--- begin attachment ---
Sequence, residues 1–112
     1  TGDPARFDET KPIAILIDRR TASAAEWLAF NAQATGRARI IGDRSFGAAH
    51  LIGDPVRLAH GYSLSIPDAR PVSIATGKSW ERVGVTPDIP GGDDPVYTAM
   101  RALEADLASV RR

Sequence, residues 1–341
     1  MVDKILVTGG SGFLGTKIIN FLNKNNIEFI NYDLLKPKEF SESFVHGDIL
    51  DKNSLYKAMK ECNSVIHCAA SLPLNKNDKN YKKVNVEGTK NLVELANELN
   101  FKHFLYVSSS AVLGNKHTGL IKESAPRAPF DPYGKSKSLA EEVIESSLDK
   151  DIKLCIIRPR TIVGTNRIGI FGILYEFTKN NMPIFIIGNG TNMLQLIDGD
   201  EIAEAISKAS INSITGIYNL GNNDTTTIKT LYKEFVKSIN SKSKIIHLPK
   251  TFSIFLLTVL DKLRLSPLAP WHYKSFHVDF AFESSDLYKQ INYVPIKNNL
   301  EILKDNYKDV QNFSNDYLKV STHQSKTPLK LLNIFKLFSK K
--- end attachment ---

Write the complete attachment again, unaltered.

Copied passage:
Sequence, residues 1–112
     1  TGDPARFDET KPIAILIDRR TASAAEWLAF NAQATGRARI IGDRSFGAAH
    51  LIGDPVRLAH GYSLSIPDAR PVSIATGKSW ERVGVTPDIP GGDDPVYTAM
   101  RALEADLASV RR

Sequence, residues 1–341
     1  MVDKILVTGG SGFLGTKIIN FLNKNNIEFI NYDLLKPKEF SESFVHGDIL
    51  DKNSLYKAMK ECNSVIHCAA SLPLNKNDKN YKKVNVEGTK NLVELANELN
   101  FKHFLYVSSS AVLGNKHTGL IKESAPRAPF DPYGKSKSLA EEVIESSLDK
   151  DIKLCIIRPR TIVGTNRIGI FGILYEFTKN NMPIFIIGNG TNMLQLIDGD
   201  EIAEAISKAS INSITGIYNL GNNDTTTIKT LYKEFVKSIN SKSKIIHLPK
   251  TFSIFLLTVL DKLRLSPLAP WHYKSFHVDF AFESSDLYKQ INYVPIKNNL
   301  EILKDNYKDV QNFSNDYLKV STHQSKTPLK LLNIFKLFSK K